What Are Phthalates & 7 Scary Places They’re Hiding
What items do you use every single day? Shampoo, workout gear… what about your car? I’m sure whatever your personal everyday items are, they all have one thing in common. They all contain phthalates.
Phthalates (pronounced tha-leits) are a large family of chemicals, sometimes called plasticizers, which are used to soften and strengthen plastics and increase their flexibility, transparency, durability, and longevity. Essentially, they are the chemicals that make a piece of plastic move or bend, rather than crack and break. These phthalates, or plasticizers, are used in a wide array of products. In fact, they are used in so many products, they are regularly called the “everywhere chemical.”
Phthalates were first introduced in the 1920s to replace earlier forms of additives that made plastics more flexible. By 1931, the phthalate industry took off with the commercial availability of polyvinyl chloride (PVC) and the development of di-2-ethylhexyl phthalate (DEHP). Now, according to the Environmental Protection Agency, more than 470 million pounds of phthalates are produced each year. 1
Potential Phthalate Health Risks
With phthalates being so commonly used, they must not pose any risks, right?
Well, not necessarily. Many phthalates come with health risks that are increasingly worrying to scientists and researchers.
Phthalates are known synthetic endocrine disruptors. According to the EPA, “Endocrine disruptors act by interfering with the biosynthesis, secretion, action, or metabolism of naturally-occurring hormones.” 2 Given the importance of hormones, there is concern in the scientific community over the potential for endocrine disruptors to adversely affect children’s health, particularly in reproduction, development, and behavior.
In experimental studies, exposure to some phthalates may cause a variety of reproductive tract abnormalities. 3 For example, phthalate exposure has been associated with reproductive defects and the suppression of hormones, which has led scientists to refer to phthalates as “gender-bending” chemicals. 4,5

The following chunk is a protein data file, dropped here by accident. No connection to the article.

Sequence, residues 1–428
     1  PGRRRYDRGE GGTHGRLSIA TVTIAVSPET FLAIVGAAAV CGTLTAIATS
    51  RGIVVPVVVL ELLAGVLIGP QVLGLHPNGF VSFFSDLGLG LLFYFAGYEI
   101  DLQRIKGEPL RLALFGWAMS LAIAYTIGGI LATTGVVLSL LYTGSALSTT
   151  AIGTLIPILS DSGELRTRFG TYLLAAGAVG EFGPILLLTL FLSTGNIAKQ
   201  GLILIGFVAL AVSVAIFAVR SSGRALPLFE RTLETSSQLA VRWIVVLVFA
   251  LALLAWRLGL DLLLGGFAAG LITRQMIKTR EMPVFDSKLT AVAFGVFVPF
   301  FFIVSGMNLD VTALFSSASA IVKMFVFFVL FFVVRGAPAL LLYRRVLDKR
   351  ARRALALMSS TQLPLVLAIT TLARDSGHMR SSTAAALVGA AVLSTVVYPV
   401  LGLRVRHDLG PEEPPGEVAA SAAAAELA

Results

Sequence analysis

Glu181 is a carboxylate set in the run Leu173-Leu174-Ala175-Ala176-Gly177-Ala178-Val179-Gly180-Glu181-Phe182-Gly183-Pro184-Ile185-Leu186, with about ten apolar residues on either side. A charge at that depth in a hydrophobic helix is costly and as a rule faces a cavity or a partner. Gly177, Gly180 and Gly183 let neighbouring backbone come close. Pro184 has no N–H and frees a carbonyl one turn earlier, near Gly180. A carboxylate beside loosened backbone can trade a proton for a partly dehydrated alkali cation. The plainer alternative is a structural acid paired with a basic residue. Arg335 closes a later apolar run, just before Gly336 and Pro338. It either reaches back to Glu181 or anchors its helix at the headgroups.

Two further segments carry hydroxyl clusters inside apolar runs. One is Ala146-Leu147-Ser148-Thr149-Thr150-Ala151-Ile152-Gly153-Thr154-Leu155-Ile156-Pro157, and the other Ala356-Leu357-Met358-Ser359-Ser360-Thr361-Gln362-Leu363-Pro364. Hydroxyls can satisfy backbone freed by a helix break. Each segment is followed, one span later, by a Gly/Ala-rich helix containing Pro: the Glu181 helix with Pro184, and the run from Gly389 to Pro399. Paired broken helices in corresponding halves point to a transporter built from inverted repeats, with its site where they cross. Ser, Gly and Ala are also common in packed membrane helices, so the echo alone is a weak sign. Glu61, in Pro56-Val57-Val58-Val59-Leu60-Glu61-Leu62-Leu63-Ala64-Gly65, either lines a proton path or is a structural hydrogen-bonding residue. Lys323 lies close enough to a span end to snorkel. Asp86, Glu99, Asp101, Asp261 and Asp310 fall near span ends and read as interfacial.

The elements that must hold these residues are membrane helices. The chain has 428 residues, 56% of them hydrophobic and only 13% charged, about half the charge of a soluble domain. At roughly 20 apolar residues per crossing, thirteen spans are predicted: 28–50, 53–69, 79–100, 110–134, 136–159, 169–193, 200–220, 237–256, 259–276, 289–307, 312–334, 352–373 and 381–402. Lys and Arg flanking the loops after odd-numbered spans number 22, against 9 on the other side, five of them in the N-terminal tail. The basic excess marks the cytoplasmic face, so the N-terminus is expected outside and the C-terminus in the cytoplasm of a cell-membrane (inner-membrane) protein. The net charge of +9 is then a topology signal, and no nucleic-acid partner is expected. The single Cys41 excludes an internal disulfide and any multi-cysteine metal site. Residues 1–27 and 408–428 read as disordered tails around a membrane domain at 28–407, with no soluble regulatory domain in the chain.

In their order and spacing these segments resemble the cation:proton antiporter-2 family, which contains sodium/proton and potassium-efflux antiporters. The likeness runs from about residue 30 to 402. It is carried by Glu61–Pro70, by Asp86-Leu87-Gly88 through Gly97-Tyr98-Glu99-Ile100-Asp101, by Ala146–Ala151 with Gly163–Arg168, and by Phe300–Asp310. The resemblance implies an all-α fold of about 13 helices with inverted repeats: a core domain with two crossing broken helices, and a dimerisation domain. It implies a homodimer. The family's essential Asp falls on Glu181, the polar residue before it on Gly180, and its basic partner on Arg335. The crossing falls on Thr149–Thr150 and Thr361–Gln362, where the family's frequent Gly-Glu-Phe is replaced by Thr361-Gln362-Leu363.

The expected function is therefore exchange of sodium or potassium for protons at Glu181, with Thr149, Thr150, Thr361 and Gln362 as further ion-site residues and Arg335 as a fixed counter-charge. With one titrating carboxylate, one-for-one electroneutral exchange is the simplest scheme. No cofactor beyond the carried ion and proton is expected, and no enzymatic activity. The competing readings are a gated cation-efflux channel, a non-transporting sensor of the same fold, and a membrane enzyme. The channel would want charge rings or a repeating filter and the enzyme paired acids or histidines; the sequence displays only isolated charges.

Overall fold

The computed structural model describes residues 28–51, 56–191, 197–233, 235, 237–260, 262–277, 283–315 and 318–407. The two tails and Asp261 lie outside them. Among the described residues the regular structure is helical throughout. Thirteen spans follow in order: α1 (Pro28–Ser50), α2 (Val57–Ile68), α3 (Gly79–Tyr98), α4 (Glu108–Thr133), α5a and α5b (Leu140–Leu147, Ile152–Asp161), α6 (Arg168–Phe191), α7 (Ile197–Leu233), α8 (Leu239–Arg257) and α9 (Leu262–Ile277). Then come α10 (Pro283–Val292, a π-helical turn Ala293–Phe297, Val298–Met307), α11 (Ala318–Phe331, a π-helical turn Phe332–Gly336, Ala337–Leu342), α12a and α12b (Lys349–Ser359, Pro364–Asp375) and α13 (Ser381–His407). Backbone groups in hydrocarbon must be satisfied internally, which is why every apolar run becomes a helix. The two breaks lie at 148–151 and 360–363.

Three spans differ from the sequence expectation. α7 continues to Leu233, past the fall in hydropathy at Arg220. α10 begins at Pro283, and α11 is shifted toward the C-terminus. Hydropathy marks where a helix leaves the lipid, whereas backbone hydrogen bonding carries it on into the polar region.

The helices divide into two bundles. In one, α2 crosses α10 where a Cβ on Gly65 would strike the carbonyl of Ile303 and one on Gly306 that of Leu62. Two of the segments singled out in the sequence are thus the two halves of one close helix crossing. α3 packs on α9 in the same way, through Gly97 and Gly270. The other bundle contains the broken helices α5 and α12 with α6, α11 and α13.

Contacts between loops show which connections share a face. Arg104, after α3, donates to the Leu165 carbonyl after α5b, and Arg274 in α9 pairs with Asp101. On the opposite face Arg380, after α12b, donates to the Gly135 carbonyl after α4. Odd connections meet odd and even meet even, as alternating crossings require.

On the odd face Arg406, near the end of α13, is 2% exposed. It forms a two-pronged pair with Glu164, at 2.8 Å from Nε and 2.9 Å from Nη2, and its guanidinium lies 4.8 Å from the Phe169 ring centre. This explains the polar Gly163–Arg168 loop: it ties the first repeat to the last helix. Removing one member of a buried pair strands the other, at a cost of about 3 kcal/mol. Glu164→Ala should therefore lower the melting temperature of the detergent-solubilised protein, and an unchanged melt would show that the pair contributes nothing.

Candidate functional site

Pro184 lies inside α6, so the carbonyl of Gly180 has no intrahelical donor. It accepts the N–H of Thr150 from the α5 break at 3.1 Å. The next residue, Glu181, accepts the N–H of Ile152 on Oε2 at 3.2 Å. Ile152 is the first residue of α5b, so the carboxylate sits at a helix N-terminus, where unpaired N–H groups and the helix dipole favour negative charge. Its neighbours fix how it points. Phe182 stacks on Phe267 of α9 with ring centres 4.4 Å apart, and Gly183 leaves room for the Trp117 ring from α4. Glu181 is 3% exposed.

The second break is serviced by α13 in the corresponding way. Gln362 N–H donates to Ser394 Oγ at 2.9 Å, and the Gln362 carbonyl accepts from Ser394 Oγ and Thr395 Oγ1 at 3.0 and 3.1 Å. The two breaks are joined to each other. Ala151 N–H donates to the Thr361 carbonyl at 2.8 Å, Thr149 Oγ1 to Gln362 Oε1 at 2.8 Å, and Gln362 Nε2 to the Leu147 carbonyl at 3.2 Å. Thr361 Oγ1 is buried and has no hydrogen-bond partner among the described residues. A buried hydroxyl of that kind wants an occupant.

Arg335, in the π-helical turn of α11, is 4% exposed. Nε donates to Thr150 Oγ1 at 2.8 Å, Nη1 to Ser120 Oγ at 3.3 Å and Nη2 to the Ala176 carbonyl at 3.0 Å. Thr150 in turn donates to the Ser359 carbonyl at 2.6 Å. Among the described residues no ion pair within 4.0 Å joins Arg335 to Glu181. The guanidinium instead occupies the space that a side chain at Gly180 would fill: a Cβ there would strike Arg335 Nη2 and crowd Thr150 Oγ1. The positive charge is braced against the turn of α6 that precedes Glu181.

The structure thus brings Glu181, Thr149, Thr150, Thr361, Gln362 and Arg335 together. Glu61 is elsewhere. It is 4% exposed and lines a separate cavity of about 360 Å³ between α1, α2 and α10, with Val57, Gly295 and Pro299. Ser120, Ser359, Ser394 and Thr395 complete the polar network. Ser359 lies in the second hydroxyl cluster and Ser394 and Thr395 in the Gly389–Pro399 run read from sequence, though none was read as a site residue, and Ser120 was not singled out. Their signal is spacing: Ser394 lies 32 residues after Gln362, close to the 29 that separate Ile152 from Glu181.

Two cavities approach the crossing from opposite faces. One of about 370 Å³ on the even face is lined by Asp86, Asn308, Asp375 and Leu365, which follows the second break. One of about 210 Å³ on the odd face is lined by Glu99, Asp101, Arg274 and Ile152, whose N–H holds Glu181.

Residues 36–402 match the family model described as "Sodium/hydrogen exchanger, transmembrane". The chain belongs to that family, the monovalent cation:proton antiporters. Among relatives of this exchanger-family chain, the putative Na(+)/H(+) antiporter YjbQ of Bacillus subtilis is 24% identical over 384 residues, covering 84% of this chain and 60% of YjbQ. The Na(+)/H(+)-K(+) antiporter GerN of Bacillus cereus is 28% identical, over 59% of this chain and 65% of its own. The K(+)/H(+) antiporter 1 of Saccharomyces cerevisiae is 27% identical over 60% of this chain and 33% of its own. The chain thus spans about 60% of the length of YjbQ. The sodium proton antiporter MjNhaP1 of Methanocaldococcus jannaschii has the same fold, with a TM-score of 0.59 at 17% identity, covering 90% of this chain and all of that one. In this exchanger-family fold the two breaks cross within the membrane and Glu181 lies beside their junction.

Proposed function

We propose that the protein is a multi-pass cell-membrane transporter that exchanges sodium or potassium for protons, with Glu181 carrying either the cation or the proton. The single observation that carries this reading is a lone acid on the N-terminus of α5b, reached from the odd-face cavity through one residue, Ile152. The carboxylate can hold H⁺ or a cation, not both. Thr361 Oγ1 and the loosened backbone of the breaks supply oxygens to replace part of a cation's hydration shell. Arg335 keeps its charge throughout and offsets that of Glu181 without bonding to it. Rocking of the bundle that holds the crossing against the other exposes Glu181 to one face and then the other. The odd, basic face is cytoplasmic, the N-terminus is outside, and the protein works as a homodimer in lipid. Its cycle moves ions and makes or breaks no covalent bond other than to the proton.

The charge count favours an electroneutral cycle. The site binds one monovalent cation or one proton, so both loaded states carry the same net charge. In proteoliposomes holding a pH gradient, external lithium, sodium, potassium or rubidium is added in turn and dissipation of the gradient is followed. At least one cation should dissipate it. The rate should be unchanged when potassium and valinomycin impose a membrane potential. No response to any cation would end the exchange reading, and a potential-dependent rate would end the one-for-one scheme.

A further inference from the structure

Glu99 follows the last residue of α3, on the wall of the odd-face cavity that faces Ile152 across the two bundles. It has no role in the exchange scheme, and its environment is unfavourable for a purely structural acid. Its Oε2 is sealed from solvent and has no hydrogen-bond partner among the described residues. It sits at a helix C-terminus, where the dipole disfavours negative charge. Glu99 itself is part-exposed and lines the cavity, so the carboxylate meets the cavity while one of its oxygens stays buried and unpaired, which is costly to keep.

Additionally, exposure to some phthalates have been correlated with neurodevelopmental effects. Studies have reported associations between prenatal exposure to certain phthalates and behavioral deficits, including effects on attention, conduct, and social behaviors. 6
Even more, one of the many ways exposure to phthalates can occur is from breathing in air that contains phthalate vapors or indoor dust contaminated with phthalate particles. Several studies reported links between potential phthalate exposure in the home and risk of asthma and allergies in children. 7,8
But phthalate exposure doesn’t just affect children. Phthalates are also associated with several diseases in adults due to their endocrine-disrupting potential. One of the most common disorders associated with this is obesity. 9 Phthalates can act as endocrine-disrupting chemicals, which have the ability to stimulate adipogenesis (the formation of fat cells) and fat storage and thus increase the chances for obesity. Further, phthalates have been associated with allergies, asthma, wheezing, hay fever, itchy rashes, and eczema in adults. 10
Likewise, phthalates present in cosmetics has increasingly become an area of concern after environmental groups reported that over 70% of personal care products contained phthalates. 11 A study by the U.S. Centers for Disease Control and Prevention even found that 5% of women between the ages of 20 and 40 had up to 45 times more phthalates in their bodies than researchers initially hypothesized. Women are speculated to be more susceptible to phthalate exposure due to their prevalence in personal-care products.
Listed below are a few of the most commonly used phthalates:
- di-(2-ethylhexyl) phthalate (DEHP)
- dibutyl phthalate (DBP)
- di-n-octyl phthalate (DNOP)
- diethyl phthalate (DEP)
- dimethyl phthalate (DMP)
- benzyl butyl phthalate (BBP)
- diisononyl phthalate (DINP)
- diisobutyl phthalate (DIBP)
- Di-n-pentyl phthalate (DPENP)
- di-n-hexyl phthalate (DHEXP)
- dicyclohexyl phthalate (DCHP)
- Polyvinyl Chloride (PVC)
So now the important question becomes, where are phthalates hiding?
6 Scary Places Phthalates Are Hiding
1. Personal Care Products
Some of the most common items we use every day are personal care products, and phthalates can be found in almost all of them. Making matters worse, phthalates can be absorbed into the body through the skin.